Install-Package log4net.Ext.Json

The log4net package is the root package of log4net.

The log4net.Ext.Json package provides an easy-to-use JSON layout to your application.


Step 3 — Creating a Logger

Before creating the logger, you need to add the log4net assembly to your project. Since the Assembly.cs file has been replaced by <project_name>.csproj, you can simply add the assembly to your application's entry point, the Program.cs file.

You can see an example in the code snippet below:

Program.cs
using System;

[assembly: log4net.Config.XmlConfigurator(ConfigFile = "log4net.config")]

namespace log4netAdvanced
{
    class Program
    {
        static void Main(string[] args)
        {
		Console.WriteLine("Helo World!");
        }
    }
}

At the moment, you are ready to create a logger. For the application, we are going to use the simplest way to do it in log4net — the LogManager class. It provides the GetLogger method to get a unique logger per each class. Unlike the globally configured logger, the logger per class helps you to easily capture the source of the log message.

The GetLogger method has many overloads. However, the most useful are the ones accepting string or Type as the only parameter. You can manually specify a class type or a string name for each logger. However, we are going to use the recommended way, the built-in tools to identify the caller class.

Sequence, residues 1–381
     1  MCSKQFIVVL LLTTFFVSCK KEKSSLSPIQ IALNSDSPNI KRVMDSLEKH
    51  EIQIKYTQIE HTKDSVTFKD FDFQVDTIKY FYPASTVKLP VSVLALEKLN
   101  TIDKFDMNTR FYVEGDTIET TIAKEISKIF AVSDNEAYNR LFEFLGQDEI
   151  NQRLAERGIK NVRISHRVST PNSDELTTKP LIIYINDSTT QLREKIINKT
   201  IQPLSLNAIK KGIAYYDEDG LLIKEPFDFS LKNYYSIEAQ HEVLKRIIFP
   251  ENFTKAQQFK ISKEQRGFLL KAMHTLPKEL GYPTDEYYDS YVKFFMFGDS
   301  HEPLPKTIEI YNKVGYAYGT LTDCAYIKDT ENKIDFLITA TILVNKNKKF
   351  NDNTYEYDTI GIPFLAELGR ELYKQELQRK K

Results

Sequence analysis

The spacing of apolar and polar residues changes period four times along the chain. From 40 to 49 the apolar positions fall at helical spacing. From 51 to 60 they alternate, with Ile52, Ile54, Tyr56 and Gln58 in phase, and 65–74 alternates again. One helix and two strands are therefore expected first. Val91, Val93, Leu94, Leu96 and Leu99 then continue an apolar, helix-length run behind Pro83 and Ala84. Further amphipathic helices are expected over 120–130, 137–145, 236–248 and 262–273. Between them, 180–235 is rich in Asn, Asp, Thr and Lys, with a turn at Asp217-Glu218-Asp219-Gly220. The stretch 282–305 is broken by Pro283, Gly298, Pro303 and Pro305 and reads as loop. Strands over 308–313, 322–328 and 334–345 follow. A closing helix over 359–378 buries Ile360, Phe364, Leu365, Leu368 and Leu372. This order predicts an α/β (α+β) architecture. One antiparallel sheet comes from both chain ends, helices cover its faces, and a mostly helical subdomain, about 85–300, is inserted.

The logger will use log4net's default log levels system. The system consists of the 5 levels:

  • Fatal — used for reporting about errors that are forcing shutdown of the application.
  • Error — used for logging serious problems occurred during execution of the program.
  • Warn  — used for reporting non-critical unusual behavior.
  • Info — used for informative messages highlighting the progress of the application for sysadmin and end user.
  • Debug — used for debugging messages with extended information about application processing.

Let's start coding. Your Program.cs file should look like the code snippet below.

Program.cs
using System;

[assembly: log4net.Config.XmlConfigurator(ConfigFile = "log4net.config")]

namespace log4netAdvanced
{
    class Program
    {
        private static readonly log4net.ILog logger = log4net.LogManager.GetLogger(System.Reflection.MethodBase.GetCurrentMethod().DeclaringType);